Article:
22 million voters unders under the age of 30 voted in the Presidential campaign — this is how he got elected. The Milliennials supported Barack Obama because he supported them and their vision for what they want to achieve. Williams’ vision for America is about honesty, connectivity and collaboration. These shared ideals should be timeless and ageless.
Sculptor Reuben Margolin works in the medium of motion. As a child, he started playing with stilts and was enamored with math. After going in a few different directions in school, he set out with a typewriter strapped to the back of a motorcycle to write poetry as he traveled across the country. This resulted in the creation of a mobile, which he drove for five months in order to have deep, meaningful conversations with people he met along the way.
Soon after, on a hike, he saw a transparent caterpillar that inspired him to try and replicate it as a machine. Although the finished product didn’t move as elegantly as a caterpillar in nature, it fueled his interest in examining movement in the natural world. Still seeking a way to perfectly capture the wave of a caterpillar’s motion, he demonstrated on the PopTech stage a much sleeker machine made of wood, thin rope and metal that did indeed undulate like caterpillar creeping. He’s now exploring applying this principal to giant circles, wooden frames and other forms.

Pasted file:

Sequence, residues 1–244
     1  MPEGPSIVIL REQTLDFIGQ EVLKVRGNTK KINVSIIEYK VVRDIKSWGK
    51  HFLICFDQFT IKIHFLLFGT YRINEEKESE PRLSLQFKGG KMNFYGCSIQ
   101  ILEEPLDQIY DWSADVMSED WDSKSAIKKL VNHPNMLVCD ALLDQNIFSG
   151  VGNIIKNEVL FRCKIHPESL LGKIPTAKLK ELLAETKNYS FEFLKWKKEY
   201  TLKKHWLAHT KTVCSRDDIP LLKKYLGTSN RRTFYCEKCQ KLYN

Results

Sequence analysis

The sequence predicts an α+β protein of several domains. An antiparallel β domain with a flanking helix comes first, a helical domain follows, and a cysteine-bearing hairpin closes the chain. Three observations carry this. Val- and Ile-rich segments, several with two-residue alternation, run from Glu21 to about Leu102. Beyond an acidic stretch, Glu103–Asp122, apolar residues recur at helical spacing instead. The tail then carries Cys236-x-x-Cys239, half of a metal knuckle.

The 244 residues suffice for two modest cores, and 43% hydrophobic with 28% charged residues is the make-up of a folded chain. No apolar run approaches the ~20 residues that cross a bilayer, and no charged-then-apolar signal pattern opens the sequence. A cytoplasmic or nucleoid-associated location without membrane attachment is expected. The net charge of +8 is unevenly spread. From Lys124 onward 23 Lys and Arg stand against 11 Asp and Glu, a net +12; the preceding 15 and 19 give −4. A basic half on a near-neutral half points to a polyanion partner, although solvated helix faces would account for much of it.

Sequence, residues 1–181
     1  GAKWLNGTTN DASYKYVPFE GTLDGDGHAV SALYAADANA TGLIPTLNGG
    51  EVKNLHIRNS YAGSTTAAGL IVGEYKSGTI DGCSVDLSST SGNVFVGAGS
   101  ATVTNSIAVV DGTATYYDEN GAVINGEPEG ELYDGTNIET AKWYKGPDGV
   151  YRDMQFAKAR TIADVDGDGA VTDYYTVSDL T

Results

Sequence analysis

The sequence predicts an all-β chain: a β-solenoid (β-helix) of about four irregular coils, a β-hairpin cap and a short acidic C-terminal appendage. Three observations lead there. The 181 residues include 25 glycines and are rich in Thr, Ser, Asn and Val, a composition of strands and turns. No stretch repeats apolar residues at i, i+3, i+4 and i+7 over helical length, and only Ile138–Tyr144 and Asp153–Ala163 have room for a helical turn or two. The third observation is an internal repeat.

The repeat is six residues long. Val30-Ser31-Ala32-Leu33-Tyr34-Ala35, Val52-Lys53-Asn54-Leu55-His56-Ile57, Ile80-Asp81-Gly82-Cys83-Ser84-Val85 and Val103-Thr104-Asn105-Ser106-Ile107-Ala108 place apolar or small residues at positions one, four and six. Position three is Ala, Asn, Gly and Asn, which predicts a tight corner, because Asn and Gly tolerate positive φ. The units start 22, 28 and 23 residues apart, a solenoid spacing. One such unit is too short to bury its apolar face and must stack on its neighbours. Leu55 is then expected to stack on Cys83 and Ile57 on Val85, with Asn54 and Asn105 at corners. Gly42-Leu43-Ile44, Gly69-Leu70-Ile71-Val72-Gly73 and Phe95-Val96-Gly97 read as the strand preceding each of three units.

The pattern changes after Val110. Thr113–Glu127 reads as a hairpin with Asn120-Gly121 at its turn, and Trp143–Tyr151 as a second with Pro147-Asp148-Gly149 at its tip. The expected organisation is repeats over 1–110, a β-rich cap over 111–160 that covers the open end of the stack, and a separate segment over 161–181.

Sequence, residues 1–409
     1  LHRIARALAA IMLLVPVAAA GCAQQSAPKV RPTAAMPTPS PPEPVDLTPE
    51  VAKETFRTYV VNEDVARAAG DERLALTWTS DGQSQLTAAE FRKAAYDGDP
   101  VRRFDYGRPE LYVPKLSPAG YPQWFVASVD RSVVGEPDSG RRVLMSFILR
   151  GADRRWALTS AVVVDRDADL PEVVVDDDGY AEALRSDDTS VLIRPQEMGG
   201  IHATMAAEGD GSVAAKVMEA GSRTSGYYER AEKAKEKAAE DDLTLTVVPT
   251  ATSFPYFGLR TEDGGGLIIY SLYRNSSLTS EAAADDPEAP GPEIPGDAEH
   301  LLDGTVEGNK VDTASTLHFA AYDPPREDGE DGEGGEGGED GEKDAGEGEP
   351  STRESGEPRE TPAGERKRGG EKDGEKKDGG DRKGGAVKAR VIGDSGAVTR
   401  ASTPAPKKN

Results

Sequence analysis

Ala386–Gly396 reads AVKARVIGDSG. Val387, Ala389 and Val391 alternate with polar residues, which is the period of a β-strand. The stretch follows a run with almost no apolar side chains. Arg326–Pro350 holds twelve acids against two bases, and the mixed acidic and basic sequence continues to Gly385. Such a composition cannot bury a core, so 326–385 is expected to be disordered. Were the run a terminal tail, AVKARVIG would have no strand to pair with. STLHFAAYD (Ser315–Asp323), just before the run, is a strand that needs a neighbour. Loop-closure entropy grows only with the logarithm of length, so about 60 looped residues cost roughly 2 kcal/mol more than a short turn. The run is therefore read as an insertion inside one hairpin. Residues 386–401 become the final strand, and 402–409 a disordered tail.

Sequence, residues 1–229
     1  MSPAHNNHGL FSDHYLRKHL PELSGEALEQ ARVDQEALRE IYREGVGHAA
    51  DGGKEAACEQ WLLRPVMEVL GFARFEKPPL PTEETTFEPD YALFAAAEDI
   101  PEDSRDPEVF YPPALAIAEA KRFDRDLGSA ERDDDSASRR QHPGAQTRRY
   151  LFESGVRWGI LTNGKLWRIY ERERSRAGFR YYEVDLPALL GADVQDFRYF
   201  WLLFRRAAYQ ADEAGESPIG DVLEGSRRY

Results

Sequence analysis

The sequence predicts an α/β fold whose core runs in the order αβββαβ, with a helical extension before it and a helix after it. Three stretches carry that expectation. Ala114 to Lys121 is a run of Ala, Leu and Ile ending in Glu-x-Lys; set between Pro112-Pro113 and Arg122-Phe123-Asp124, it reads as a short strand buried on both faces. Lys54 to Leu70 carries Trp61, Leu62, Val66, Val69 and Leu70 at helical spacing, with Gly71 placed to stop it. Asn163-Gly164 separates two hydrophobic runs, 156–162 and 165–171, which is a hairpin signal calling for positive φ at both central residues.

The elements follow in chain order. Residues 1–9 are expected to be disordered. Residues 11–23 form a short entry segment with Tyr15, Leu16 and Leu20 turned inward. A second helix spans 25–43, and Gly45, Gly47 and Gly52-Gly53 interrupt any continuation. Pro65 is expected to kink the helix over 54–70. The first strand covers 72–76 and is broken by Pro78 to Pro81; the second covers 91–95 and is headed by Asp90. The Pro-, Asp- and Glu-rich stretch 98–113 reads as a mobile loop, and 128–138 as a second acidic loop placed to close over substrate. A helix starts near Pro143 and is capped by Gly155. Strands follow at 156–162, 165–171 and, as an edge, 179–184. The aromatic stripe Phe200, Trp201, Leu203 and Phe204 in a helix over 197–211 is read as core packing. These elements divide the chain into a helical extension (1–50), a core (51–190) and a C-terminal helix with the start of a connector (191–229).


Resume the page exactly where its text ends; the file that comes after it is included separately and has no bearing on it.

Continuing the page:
Margolin ended his presentation by revealing a gorgeous, sparkling sculpture suspended from the Opera House Ceiling, which swung gently above the crowd as though wind was blowing through a giant, gilded glass net.
Margolin noted that there are two ways of looking at things: one is at the sparkle and the dawns and the beauty of the world, and one is at the structure and the meat and the math. His art brings both of these elements together in a way that is both aesthetically pleasing and intellectually interesting.
PopTech Fellows: Taylor Stuckert and Mark Rembert
2009 PopTech Fellow Taylor Stuckert, co-founder and Mark Rembert of Energize Clinton County founded their program when their hometown was impacted by massive layoffs. After living away for several years, they both returned to their town with “fresh eyes”; wanting to help the town rediscover its place in the world. They wrote a letter to the editor (which is what, they joke, people do in small towns) about going green that instilled the town with a sense of purpose. Now over 90 businesses are participating in ways to buy local, helping to weatherize homes and solving for themselves problems that are putting them at the forefront of green efforts.
Energize Clinton County is looking to form partnerships that will allow them to bring their vision of self-sufficient, greener communities nationwide.
Photo credit: Kris Krug